Essential New Music: Robert Forster’s “Songs To Play”


The most dangerous card shark is the one who lets you think you’ve seen his hand. Songs To Play, Robert Forster’s first record in seven years, seems simple and transparent, when in fact it’s so subtle that you might miss it when he’s pulling your leg or telling you about what comes after the apocalypse. This humor is a welcome thing. While Forster was often the more flamboyant and unpredictable one during the Go-Betweens heyday in the ’80s, his last record, The Evangelist, was a solemn affair that followed the death of fellow Go-Between Grant McLennan, from a heart attack. With its spare Loaded-meets-Blood On The Tracks arrangements, Songs To Play sounds musically assured, but it’s that double-edged sense of humor that proves that Forster is truly back. Back in the ’80s, Forster once dyed his hair to Blake Carrington’s shade of gray, so at age 57, it would be disappointing if he didn’t pull an old-guy move. He obliges by asking his inamorata not to Twitter on “Let Me Imagine You.” But even though he wears his Dylan adoration on his sleeve from song one, this isn’t comfy-shoe dad rock. There is deviltry in the details, such as when “A Poet Walks” registers the artist’s inflated self-esteem and shrunken pocketbook, as well as his sharp eye for detail, or “I Love Myself (And I Always Have)” never lets on whether it’s a put-on or a sincere expression of narcissism. What—did you really think the master was going to show you his hand?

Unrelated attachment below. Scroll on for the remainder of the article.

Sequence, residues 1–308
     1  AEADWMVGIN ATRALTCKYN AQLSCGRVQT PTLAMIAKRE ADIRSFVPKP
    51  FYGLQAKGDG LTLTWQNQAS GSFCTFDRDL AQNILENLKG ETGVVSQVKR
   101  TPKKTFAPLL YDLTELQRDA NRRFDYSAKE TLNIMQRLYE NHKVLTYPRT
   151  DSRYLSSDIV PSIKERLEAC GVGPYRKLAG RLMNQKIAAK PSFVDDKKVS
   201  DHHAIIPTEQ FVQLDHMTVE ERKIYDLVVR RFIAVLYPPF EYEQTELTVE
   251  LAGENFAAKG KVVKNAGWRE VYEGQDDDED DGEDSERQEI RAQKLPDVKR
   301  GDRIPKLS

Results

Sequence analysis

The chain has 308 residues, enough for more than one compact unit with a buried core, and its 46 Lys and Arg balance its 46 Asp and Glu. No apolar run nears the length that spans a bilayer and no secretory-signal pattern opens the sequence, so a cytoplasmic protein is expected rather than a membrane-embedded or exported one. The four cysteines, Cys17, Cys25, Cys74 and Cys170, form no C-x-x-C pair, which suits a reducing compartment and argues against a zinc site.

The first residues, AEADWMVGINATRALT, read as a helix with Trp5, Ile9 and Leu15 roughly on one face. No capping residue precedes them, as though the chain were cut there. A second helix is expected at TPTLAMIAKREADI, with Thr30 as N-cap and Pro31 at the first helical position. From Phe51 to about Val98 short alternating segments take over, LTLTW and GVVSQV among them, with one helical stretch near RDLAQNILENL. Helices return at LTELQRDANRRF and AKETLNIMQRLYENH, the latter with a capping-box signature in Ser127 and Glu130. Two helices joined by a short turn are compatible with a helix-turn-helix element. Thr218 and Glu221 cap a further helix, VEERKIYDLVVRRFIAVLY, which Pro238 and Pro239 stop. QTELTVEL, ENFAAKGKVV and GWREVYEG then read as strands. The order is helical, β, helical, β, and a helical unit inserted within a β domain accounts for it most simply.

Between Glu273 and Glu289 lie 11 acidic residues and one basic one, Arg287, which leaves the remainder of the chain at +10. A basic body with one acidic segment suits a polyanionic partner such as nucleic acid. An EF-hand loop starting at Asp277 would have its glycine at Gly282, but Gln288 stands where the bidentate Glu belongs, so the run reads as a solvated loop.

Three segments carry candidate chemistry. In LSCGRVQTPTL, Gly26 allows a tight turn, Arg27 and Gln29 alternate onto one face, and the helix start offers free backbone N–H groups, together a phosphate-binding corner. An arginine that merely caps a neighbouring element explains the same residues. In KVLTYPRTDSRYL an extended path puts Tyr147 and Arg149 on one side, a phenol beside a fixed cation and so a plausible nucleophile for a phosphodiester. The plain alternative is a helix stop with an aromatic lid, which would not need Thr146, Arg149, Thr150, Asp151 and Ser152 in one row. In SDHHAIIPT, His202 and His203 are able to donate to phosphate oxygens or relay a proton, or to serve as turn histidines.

—Bill Meyer